There are 2 desireable effects controlled by twist rates and they lie at separate ends of the spectrum. On one end of the spectrum the high twist rate procuces a high gyroscopic stability of the projectile in flight (this is desired by serious target shooter or long range shooters. On the other end of the spectrum the low twist rate produces minimal flight stability but upon impact tumbles more readily and delivers more of the projectile's energy into the target and thus causing maximum damage(this is desired by hunters or mid-range snipers). The more specific the use of the gun is by it's owner the closer to one or the other end of the spectrum it's twist rate. In the middle is balance and for most general purpose.
Just for reference, during the Vietnam war Armalite (manufacturer of M-16 rifles) decided to push the effective range of the M-16 out past 500 meters by changing the barrel's twist rate to 1:7". The new twist rate stabilized the flight of the .223 round and pushed the effective range of the M-16 out to 680 meters. However, after 4 months the US Army reported back to Armalite that their soldiers had to shoot the enemy with multiple shots to brimg them down. The new twist rate was giving the .223 rounds too much gyroscopic stability to push cleanly thru fleash and leaving less leathal wound canals. Armalite responded by going back to the original 1:12" twist rate. They found that it was the best balance between maximum effective range and delivering maximum wound leathality.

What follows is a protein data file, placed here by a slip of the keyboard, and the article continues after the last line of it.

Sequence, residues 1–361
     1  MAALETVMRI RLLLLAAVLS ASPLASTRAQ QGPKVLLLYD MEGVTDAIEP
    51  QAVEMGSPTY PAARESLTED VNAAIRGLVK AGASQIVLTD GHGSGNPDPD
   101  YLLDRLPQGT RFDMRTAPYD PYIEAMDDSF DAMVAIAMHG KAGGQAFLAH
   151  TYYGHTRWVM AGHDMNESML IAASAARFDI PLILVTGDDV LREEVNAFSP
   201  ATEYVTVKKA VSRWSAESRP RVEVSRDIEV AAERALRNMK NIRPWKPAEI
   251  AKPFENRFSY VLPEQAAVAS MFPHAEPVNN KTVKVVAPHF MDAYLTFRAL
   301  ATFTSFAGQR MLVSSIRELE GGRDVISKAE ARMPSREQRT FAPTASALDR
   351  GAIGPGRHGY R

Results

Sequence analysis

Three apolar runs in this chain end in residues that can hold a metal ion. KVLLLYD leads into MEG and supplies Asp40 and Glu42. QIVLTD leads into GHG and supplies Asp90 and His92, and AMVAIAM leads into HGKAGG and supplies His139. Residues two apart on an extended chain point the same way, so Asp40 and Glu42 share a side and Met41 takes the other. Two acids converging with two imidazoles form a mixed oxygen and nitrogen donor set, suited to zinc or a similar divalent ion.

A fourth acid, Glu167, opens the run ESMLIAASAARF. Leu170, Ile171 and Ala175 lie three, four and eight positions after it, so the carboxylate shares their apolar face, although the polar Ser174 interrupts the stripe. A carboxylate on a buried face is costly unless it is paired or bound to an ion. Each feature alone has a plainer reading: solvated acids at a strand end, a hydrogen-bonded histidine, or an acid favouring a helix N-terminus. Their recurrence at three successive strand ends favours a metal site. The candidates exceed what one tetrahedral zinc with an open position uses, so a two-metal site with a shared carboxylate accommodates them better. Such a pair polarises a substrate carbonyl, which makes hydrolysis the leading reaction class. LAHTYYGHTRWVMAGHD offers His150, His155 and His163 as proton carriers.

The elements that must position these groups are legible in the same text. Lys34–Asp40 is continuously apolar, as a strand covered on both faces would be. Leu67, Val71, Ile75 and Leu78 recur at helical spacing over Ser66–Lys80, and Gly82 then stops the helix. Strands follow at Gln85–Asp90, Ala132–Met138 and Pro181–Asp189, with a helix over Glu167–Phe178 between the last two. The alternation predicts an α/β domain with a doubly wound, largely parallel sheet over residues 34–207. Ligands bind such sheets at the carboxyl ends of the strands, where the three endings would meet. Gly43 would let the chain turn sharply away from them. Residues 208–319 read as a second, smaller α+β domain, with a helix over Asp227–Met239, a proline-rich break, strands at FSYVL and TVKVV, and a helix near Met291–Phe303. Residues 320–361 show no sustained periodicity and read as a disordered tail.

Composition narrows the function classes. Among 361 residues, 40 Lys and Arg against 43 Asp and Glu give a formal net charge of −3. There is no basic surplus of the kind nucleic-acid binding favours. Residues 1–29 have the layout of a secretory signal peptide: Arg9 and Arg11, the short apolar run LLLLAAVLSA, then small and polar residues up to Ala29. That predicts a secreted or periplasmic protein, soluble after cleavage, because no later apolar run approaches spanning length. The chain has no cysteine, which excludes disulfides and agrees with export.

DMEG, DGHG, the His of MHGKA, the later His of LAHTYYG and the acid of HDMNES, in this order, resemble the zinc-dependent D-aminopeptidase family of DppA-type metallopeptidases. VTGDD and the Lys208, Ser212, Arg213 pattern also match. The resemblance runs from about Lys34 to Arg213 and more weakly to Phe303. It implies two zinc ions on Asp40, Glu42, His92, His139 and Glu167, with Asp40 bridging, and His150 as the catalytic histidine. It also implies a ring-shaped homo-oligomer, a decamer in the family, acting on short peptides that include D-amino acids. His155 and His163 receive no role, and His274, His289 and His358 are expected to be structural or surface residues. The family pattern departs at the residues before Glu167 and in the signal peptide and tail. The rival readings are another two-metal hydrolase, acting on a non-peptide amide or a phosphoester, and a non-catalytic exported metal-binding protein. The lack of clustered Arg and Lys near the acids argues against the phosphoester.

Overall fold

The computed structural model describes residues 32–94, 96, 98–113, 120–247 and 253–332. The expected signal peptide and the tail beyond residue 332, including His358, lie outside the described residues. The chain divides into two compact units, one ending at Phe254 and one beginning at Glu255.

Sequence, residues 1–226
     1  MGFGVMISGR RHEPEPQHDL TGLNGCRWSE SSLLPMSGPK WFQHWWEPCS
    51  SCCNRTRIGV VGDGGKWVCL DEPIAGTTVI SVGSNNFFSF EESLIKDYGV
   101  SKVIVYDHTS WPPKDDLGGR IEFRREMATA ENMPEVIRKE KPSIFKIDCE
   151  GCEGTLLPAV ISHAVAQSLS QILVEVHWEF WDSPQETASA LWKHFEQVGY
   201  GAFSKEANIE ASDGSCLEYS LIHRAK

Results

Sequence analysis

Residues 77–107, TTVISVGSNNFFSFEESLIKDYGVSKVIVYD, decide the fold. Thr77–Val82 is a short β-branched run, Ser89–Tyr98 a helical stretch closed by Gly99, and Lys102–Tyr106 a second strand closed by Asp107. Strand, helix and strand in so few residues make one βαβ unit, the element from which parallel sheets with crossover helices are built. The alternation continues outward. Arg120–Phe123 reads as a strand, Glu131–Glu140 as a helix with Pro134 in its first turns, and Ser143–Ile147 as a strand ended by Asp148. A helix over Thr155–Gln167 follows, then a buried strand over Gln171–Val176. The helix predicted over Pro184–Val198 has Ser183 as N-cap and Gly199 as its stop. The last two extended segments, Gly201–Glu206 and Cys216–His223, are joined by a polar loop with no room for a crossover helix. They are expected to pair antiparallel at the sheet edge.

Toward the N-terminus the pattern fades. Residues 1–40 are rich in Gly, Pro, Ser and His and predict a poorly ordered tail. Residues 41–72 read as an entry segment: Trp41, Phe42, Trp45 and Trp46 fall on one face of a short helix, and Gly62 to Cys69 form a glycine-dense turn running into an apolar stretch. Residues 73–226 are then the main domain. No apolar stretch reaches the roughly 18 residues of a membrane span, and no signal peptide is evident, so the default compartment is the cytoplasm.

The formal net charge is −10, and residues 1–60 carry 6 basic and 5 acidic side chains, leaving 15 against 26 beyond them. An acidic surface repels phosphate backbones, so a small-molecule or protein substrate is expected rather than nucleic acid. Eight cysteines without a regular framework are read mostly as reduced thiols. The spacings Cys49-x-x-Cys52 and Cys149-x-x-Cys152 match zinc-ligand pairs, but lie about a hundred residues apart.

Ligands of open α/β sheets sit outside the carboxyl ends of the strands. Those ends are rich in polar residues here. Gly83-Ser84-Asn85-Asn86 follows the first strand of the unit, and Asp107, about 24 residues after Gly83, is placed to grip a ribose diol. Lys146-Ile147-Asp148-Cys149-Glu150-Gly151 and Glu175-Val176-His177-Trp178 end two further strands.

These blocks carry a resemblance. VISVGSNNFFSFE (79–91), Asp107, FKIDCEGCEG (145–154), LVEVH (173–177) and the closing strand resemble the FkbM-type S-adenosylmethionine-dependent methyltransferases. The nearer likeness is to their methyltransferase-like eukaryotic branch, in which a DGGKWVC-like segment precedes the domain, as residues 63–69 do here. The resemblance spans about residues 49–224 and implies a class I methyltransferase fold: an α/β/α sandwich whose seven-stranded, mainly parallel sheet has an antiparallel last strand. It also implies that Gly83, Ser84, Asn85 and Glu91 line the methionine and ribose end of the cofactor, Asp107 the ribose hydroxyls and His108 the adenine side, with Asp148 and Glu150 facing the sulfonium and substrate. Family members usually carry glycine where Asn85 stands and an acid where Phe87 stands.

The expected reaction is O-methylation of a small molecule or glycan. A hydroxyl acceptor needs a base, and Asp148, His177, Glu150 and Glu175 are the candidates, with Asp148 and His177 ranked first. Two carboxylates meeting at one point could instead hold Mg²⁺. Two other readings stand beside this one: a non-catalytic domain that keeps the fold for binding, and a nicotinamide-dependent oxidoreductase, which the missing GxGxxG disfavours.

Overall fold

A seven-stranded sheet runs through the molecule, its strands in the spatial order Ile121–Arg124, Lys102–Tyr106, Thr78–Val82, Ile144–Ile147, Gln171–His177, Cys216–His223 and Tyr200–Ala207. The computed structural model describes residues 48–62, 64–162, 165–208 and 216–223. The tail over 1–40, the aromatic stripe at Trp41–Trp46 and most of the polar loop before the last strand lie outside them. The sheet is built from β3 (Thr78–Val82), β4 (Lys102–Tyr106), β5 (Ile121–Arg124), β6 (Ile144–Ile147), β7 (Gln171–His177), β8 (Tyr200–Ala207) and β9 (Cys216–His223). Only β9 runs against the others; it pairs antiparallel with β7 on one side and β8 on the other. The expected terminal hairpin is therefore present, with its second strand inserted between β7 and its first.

Can anyone tell me why do we still need rifling if pellets will not tumble even if shot from a smooth bore?
I really don't think twist rate matters to pellet as much as bullets. Militry stuff rely heavily on the tumbling effect of the bullets as they are not allow to use soft and hollow point (but 223 FMJ is just as nasty). Big game hunters don't want a tumbling bullet as it must penetrate very stiff tissues and bones. So it really depends on what you do. With pellets I don't think it tumbles on impact anyway so the most accurate pellet wins although you might not get pellet expansion with heavy pellets/slow velcoity......
So Boondock, sound like you need to buy a set of swage dies and press to make Pellets of different lengths to play with........
BTW the US army did go back to 1:7 barrels in their M16A2 but with a longer bullets, it doesn't tumble as readily as the 55gr 1:12 but penetrates and shoots better........trades offs and trade offs..........
I finally measured the twist rate in the BAM .177 cal. last night.....
It is 1 turn in 18 inch and has a counter-clockwise twist in the direction of the pellet....
Now you can start calculating......, for 800 ft/sec (typically 12 ft.pound) the pellet will rotate at 32 000 revs per minute and at 1100 ft/sec (typically 23 ft.pound) the revs will be 44 000....
No wonder the feral pigeons don't like it...., they get knocked by the rev's......!!!!!
Use that information in your formula to determine the shortest pellet that will still be stable, depending on the Energy level you are choosing....
Will come and measure your twist rate on the Walther .20 tomorrow to do the same calc's.....
At 800ft/sec pellet leaving the barrell, the spin rate is 1 revolution per 18 inches......, and 18 inches into 800 times 12 is 533.33 times..., per second.....!!! Times the 60 seconds per minute, is ~32 000.......
It has nothing to do with the length of the barrell.....!!!!
Malan :eek :! :thinkerg
i didn't mean 18inch barrel length.. but 18inch rifling twist rate..
say 32000revs/min ,
800ft/sec = 244m/sec,
pellet will take at least 0.12sec to reach 30m target,
if 533revs/sec, how many revs spin for 0.12sec?
still less than 66revs spin to reach 30m target.
above theory only based on ideal condition..